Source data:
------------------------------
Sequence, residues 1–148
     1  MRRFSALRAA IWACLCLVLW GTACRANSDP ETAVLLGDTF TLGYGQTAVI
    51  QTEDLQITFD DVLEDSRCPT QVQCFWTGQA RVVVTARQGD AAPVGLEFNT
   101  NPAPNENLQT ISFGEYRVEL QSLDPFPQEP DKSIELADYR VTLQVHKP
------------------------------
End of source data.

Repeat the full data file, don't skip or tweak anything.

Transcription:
Sequence, residues 1–148
     1  MRRFSALRAA IWACLCLVLW GTACRANSDP ETAVLLGDTF TLGYGQTAVI
    51  QTEDLQITFD DVLEDSRCPT QVQCFWTGQA RVVVTARQGD AAPVGLEFNT
   101  NPAPNENLQT ISFGEYRVEL QSLDPFPQEP DKSIELADYR VTLQVHKP